The Phondos of the sub-region of Eastern Cape Province, South Africa, dust their skin with local red clay while observing the origin of the tribe priestess known as Umgidi. The practice marks the development of a sick woman into a diviner and the pattern marks the link between the lady and her ancestors.
The Wodaabe of south Africa are known for elaborate beauty pageants; and in a seeming role reversal, heavily decorated men compete for the attention of women by painting their faces with white clay, highlighted by black eyeliner made of egret bones. They also utilize swirling symmetrical patterns of red, yellow, black and white.
Central Australian Aborigines created a unique system of communication through body painting and cryptic symbols. Like other cultures they primarily painted in recognition of spiritual matters, although they also painted for artistic expression. In many instances the Aborigines believe they are completely transformed into sprit ancestors.
In China, opera and other forms of drama were a leading proponent of face painting. As the limitation of masks was recognized they were replaced by face painting because the masks didn’t provide the ability to show facial expression or emotion. Originally only red, black and white were used and the earliest examples were simple and crude, but soon more complex designs became the norm.
Japanese Geisha’s are exemplified by the image of a girlish, heavily made-up young woman known as a maiko. But as Geisha’s age they take on a more somber, and less made-up appearance, usually embellished with white-only face paint.
Pre-Columbian American history is filled with examples of face and body painting as well as tattooing. Indigenous people of the Amazon believe body painting gives them the power to transform as a demonstration of humanity.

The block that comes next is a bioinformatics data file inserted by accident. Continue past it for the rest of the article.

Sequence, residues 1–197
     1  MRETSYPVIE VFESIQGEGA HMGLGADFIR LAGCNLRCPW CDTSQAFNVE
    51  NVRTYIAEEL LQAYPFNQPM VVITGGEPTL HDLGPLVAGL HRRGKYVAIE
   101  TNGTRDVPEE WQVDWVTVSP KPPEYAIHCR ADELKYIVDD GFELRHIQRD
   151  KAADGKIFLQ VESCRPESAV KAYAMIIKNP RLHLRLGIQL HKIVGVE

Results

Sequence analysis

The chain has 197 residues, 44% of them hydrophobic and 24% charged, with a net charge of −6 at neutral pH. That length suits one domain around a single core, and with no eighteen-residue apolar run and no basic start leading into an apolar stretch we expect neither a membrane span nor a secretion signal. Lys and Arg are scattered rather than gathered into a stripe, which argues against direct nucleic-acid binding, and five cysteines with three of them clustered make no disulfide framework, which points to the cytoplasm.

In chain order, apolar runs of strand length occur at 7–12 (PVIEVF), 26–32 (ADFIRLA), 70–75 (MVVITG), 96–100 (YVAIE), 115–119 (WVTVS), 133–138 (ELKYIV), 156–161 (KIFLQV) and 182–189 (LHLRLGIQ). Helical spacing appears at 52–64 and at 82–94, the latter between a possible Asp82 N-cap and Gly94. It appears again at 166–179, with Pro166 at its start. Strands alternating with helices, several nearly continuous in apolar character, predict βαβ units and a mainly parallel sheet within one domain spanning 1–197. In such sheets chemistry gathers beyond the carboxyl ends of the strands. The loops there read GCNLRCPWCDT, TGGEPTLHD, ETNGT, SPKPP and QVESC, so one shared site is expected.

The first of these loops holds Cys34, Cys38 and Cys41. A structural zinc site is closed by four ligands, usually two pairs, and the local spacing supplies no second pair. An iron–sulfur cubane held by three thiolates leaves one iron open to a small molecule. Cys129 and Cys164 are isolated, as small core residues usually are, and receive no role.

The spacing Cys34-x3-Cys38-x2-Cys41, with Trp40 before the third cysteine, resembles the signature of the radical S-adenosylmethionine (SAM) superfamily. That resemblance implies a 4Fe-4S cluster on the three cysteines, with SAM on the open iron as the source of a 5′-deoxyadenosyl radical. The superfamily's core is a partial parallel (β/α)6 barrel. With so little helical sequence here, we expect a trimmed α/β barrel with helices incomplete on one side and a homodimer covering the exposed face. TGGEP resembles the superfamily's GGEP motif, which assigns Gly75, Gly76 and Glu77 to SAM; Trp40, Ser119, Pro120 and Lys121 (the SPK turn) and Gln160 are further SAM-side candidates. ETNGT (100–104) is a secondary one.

Nearly all Native North Americans employed some form of face and body painting as sacred acts of distinction and cultural heritage. Designs are unique to each tribe but used for similar rituals such as dancing, hunting and war. The styles and application are similar to those used worldwide. Face painting is particularly significant among the prairie peoples such as the Ponca and Osage of Nebraska, Oklahoma, Kansas and Missouri.
In Western societies body and face painting were long confined to the realm of actors or circus performers. But as tribal customs influenced many of the developments in art, beginning in the early 20th century face and body painting found its way into the mainstream. Since the 1960s more liberal attitudes towards self-expression, nudity and artistic license has led to a growth of body painting as an art form unto itself.
Today face painting, which more commonly takes the form of makeup, is worn by women the world over and is primarily designed to highlight and enhance physical beauty and act as an expression of personality. The runaway popularity of cosmetics cannot be overstated and in the United States alone the industry generates an annual return of more than $60 billion dollars and shows little sign of decline.